Compared to his more verbose predecessor, Sadiq Khan has so far proven to be a relatively low-profile mayor.
But on the issue of housing – the subject that will likely define his time in office – Mr Khan has finally set out his stall with the recent publication of his housing strategy.
During the mayoral campaign, Mr Khan tapped into an understandable feeling of frustration among Londoners over the cost of buying or renting a property – and his tough line on affordable housing obviously resonated with many. Nevertheless, his much-publicised 50 per cent affordable housing target on all new housing projects risked looking like good politics but bad policy.
Why? Well, if this was implemented across the board with no flexibility, it would result in fewer homes being built, affordable or otherwise. The one-size-fits-all 50 per cent target would have been potentially devastating to the viability of small schemes and would run counter to the underlying need to expand supply.
For a smaller housing development, where the economics can sometimes be difficult to make work, adding requirements for multiple affordable housing units can result in the whole development becoming unviable, meaning that nothing at all gets built.
This would have ruled out hundreds, if not thousands, of smaller projects across the capital.
Viability is more likely to be an issue on small brownfield sites. Developing these sites can involve technical complexities, remediation costs and other difficulties that quickly raise the upfront cost in a way which can be very difficult for smaller builders.
On such sites, where the volume of homes being built is low, the priority must be to ensure the development goes ahead. After all, these sites will typically be of the small infill variety favoured by local communities. Taken individually these sites are small beer, but the cumulative potential of them is enormous. This brings me to Mr Khan’s compromise solution.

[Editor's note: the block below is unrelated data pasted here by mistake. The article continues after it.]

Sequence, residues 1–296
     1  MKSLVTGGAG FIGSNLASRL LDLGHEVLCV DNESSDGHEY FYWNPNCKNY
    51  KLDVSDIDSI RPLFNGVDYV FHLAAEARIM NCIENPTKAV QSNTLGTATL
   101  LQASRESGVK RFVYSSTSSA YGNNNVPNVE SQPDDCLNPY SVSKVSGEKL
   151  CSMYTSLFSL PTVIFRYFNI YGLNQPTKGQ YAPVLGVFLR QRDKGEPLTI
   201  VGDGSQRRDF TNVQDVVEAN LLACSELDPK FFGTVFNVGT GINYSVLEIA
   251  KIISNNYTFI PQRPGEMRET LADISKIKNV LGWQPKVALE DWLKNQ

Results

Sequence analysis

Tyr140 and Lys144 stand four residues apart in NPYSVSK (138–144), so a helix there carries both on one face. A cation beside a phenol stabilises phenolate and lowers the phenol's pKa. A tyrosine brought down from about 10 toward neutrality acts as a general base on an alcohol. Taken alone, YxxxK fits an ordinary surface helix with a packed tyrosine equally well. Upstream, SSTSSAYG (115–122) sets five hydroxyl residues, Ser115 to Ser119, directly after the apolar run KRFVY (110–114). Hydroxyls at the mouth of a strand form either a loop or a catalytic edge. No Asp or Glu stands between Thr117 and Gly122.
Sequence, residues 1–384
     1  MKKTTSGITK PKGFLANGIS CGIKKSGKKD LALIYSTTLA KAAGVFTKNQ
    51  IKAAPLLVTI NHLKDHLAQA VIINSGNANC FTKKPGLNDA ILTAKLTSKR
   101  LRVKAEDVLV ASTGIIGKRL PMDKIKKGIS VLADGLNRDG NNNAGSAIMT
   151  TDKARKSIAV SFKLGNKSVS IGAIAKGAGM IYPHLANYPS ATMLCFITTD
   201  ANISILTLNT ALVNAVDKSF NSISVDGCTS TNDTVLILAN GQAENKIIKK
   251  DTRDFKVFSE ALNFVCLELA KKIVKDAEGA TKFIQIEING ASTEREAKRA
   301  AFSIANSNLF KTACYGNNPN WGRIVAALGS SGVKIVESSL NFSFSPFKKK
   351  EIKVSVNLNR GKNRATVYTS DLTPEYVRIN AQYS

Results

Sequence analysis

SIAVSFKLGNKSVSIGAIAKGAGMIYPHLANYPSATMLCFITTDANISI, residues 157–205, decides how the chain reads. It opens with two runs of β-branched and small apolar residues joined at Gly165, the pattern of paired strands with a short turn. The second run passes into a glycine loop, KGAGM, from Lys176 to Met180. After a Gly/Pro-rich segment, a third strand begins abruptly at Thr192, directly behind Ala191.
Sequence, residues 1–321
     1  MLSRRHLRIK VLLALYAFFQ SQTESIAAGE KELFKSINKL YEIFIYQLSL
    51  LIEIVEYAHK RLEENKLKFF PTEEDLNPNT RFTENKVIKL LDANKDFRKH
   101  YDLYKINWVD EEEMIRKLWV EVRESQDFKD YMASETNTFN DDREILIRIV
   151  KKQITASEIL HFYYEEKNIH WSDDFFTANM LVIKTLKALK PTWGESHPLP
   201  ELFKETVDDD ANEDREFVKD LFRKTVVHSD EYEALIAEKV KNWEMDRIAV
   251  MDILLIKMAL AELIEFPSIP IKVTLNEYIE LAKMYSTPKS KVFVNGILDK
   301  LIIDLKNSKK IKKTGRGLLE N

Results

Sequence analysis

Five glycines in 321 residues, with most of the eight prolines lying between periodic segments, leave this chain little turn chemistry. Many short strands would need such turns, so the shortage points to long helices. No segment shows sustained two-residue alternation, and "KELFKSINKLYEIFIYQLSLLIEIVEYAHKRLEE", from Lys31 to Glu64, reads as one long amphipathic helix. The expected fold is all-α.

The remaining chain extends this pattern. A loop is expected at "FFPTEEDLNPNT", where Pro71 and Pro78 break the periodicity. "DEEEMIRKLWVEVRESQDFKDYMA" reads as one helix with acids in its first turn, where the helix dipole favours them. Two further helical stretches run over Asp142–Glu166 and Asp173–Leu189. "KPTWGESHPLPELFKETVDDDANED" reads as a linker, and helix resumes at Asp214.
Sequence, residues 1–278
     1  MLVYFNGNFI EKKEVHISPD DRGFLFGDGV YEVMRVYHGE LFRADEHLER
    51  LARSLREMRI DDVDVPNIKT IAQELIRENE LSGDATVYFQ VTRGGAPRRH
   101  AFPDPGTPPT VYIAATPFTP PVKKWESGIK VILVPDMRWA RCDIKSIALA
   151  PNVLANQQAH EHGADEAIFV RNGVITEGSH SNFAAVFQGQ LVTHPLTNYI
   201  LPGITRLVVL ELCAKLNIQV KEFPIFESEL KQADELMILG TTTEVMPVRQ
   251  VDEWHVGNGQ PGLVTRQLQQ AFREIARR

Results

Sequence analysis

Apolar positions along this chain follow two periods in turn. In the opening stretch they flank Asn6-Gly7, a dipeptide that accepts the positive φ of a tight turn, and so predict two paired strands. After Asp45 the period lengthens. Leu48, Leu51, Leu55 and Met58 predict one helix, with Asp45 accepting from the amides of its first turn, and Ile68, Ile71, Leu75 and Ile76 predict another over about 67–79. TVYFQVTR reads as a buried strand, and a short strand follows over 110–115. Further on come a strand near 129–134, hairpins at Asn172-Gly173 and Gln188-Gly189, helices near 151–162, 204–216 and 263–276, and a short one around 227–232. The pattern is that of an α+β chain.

“On sites where the volume of homes being built is low, the priority must be to ensure that the development goes ahead”
The promise is that developers can secure exemptions from viability assessments on their schemes in exchange for agreeing to deliver a minimum of 35 per cent of those homes as affordable. This should see the delivery of homes speed up and affordable housing contributions rise.
Certainly, 35 per cent is a more sensible level than 50 per cent. But this will likely still cause difficulty for smaller developers.
If 35 per cent is genuinely unreasonable, larger firms will be much more likely to contest the target with their local authority. However, your typical SME may not have the resources to challenge. SMEs might find themselves subject to protracted viability assessments and other negotiations, with no guarantee of success.
All this could inject further red tape and uncertainty into a process that is already seen as hazardous, further deterring many small builders from getting involved in housebuilding.
What Mr Khan’s policy means for most SME housebuilders in the capital will rest on whether the devolved power of the mayoralty will allow him to overrule the government’s decision – recently upheld in the high court – that sites of 10 homes or fewer are exempt from affordable housing requirements. This is still unclear.
The mayor must see the value in upholding the government’s exemption for smaller sites.
Good policy is good policy, regardless of the politics.
Sarah McMonagle is director of external affairs at the Federation of Master Builders